Index Laggards

Not all funds are able to beat their benchmarks even in a bull market. Here are the laggards among the equity diversified schemes. Analysis by ML Research Desk

Mutual funds are flocking to the market with New Fund Offerings and collecting money by the fistfuls from retail investors who think that this is the best route to be a part of the stock market boom. In a bull market, equity funds...

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  • Investing Abroad? wait!

    Fund companies are offering a chance for geographical diversification.

    India now attracts the whole world's attention. From direct investors who put money in Indian business operations to financial investors who buy Indian equities, foreign institutional investors are scouring India for opportunities. India is now mentioned in the same breath as China because India now offers both domestic business opportunities and skills to grab export opportunities. The Indian market has gone up 100% in two years pulling Indian mutual funds out of a decade of pathetic performances. Attracted by this, Indian savings are moving into Indian mutual funds which are recording massive collections. In a situation like this, in the last budget the Finance Minister raised the ceiling on aggregate investment by mutual funds in overseas instruments from $1 billion to $2 billion. More importantly, the government has decided to remove the silly requirement of 10% reciprocal shareholding for investment abroad. Under that rule, a domestic fund could invest in the stocks of only those foreign companies, which have a listed Indian subsidiary with at least a 10% share holding in it.

    When India is a hot destination for the rest of the world, why would you put your money anywhere else? Well, the government of India, in its wisdom has allowed this and Franklin Templeton has been first off the mark to seize this opportunity. Should you bite? Theoretically, there is a case for investing outside the home country, especially when it seems that for a variety of long-term reasons, the domestic economy will not do too well. Companies may be trapped in structural problems of the macro economy (as in the case of African countries or India of the mid-90s or Germany and France now) and therefore investors would be better off investing in countries where entrepreneurial activity is far more rewarding.

    But that is theoretical. It can be nobody's case that enterprise is not rewarding in India. Certainly not now. There is an upsurge of activity in India and for the first time ever, all sectors are booming at the same time, in a self-reinforcing manner.
    There is a second reason to put your money abroad and that is valuation. It could well be that a certain market today is in the same state as India was in 2003 and it may make sense to get in there. Unfortunately, this too does not apply. From Japan to Kuwait and from New Zealand to Brazil, markets are making multi-year highs everywhere. It would have to be sheer wizardry to be able to discover undervalued opportunities in other parts of the world. Here are some reasons to avoid this fund now:

    The fund would be invested in either another country funds or stocks. How much do you know about them? Domestic investments are something we understand best. There is nothing you know about Brazil's Companhia Vale do Rio Doce or Korea's Korea Telecom.

    Track record
    It is not clear whether Templeton India's fund managers would be the ones ultimately picking the global stocks and on what basis. Templeton is a global organisation with varying investment styles. They track the global economy, various countries and markets. This can be a hindrance or an advantage. After all, Templeton's domestic performance under the emerging markets guru Dr. Mark Mobius was quite pathetic before Templeton India bought Pioneer and the fund management team from Pioneer took charge. {break}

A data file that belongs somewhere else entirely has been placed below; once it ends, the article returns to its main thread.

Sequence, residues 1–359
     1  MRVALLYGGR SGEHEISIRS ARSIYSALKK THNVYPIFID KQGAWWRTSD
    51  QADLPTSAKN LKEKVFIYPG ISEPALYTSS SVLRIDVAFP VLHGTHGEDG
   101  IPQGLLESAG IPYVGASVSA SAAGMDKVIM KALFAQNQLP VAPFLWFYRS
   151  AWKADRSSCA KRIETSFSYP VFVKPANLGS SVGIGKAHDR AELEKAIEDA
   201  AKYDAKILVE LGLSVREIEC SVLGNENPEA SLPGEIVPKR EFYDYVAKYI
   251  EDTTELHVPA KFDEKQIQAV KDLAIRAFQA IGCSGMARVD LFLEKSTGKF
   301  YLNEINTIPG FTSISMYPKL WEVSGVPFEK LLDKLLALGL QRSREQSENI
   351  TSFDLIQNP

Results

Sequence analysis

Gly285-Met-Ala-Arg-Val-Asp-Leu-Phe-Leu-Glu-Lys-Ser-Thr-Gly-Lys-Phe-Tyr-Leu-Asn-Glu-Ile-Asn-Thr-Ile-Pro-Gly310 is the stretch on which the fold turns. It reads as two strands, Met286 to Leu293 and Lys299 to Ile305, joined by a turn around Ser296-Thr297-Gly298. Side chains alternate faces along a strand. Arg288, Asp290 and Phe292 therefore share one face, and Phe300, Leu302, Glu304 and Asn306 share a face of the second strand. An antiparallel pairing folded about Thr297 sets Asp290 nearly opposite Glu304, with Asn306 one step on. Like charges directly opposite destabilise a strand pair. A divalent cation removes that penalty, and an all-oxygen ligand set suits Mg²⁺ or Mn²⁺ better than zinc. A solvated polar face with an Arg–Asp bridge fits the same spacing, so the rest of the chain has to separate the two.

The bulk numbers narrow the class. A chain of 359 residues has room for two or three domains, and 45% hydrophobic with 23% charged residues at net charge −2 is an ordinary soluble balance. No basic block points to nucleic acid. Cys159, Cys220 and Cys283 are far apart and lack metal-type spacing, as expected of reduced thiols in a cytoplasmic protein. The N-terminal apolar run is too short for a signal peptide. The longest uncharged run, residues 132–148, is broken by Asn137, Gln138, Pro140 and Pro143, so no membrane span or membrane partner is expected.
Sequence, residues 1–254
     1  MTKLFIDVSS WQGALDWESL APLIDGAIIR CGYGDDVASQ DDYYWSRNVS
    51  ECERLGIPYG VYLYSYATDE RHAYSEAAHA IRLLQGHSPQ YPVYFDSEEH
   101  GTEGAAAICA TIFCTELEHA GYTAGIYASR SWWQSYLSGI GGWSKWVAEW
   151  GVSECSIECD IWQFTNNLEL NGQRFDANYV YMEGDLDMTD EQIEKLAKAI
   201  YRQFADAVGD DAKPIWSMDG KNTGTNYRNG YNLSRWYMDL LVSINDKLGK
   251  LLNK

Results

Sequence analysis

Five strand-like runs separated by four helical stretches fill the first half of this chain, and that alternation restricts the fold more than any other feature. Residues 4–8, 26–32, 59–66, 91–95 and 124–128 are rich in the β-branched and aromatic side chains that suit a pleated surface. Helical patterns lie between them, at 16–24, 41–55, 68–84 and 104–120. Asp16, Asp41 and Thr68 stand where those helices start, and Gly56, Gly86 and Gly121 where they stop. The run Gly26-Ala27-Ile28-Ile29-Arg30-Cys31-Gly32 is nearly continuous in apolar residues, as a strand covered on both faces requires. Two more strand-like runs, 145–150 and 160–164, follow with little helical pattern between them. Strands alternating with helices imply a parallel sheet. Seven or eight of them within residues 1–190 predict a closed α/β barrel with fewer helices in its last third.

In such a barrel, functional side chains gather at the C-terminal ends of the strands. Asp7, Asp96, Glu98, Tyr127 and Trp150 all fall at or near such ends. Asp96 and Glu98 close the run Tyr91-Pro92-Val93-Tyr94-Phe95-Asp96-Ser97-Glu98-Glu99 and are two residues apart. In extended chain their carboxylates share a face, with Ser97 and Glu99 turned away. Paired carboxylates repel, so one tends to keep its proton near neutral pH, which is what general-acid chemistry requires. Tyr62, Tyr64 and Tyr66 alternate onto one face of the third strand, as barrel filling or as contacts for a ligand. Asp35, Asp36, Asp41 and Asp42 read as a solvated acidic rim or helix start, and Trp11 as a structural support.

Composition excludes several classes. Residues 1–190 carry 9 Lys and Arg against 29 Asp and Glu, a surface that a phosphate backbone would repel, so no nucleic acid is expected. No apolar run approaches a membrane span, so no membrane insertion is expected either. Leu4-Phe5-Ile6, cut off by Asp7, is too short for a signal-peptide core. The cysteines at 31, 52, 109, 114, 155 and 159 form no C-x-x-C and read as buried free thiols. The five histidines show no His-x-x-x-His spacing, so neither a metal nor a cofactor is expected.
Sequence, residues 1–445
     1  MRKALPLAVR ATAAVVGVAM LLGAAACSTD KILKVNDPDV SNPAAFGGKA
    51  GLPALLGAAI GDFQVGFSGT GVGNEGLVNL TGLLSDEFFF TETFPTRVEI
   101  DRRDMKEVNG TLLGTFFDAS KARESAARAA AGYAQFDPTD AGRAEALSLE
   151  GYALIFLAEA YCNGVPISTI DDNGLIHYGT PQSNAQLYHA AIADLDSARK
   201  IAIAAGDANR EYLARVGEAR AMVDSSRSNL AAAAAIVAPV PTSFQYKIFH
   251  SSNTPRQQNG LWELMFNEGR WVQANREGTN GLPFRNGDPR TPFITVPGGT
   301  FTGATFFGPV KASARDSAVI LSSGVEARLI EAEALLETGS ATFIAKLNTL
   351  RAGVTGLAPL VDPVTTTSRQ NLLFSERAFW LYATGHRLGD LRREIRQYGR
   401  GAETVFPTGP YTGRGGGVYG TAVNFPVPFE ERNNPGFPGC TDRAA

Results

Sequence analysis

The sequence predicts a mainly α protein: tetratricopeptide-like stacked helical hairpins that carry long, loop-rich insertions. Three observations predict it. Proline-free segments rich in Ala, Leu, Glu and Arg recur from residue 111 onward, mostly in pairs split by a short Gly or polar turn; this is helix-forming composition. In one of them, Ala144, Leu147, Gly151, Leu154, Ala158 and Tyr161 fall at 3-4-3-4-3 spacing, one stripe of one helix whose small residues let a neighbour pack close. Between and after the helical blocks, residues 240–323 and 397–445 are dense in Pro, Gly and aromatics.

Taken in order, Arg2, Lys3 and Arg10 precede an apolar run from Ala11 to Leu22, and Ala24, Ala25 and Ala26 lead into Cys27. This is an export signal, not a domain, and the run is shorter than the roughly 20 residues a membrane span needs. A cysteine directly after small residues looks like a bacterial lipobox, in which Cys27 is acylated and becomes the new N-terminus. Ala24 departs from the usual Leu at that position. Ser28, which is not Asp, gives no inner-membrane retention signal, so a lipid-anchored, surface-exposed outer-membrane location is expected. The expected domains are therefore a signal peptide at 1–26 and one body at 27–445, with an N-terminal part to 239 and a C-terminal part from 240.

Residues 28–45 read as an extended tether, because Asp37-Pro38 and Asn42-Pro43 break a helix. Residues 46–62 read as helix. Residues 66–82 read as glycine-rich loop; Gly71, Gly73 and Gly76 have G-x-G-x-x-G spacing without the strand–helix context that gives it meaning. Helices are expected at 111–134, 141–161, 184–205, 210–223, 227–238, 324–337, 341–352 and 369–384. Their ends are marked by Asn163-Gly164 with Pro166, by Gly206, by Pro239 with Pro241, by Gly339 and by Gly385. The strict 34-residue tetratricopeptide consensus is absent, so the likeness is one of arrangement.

Funds that put your money in other countries offer another round of diversification. The question is: do you need it? We don't see how you can derive additional returns without reducing risk. After all, understanding the risk profile of companies and funds is tricky enough. Understanding the risk-profile of countries is nearly impossible.

    Leaving aside the risk aspect for the moment, where are the returns? The US markets which are the biggest, the busiest and among the most transparent have been poor performers. Indeed, it could well be that a fund reduces your return when it invests in a different country. The S&P 500 went up just 11% in the last 12 months. Markets of Germany, Japan and Canada are up between 25%-40% - much lower than India and Brazil.

    Every year some international market will perform supperbly But many of these markets are just too volatile. In the first five months of 2004, the China Fund, listed in the US lost 50% of its value. Between 2001 and 2002, the Canada Index lost 60% of its value and from March of 2000 to October of 2003, the German index dropped 73%.

    If you must invest…
    It will be necessary to monitor whether the fund has a strategy of geographical diversification. A fund that follows the latest fad and invests in geographies that are currently doing well can be leading you into a high-risk zone. While raising money a fund can say several things as a matter of strategy but what it actually does is another matter. This needs to be monitored. It would be great if money is spread over key economic regions. In fact, when investing internationally, a fund has a huge menu to pick from. It can choose not only from fast-growing countries but stocks that are growing fast in an otherwise slow-growing region. It can buy regional funds or indices that spread their investments across a whole region. It can spread its money between momentum and value-based countries and sectors. The question is why would you want to your money to do any of all this? Because you trust your fund manager blindly?  That is not a very sound argument.

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    Buying Index Funds? Look at the Costs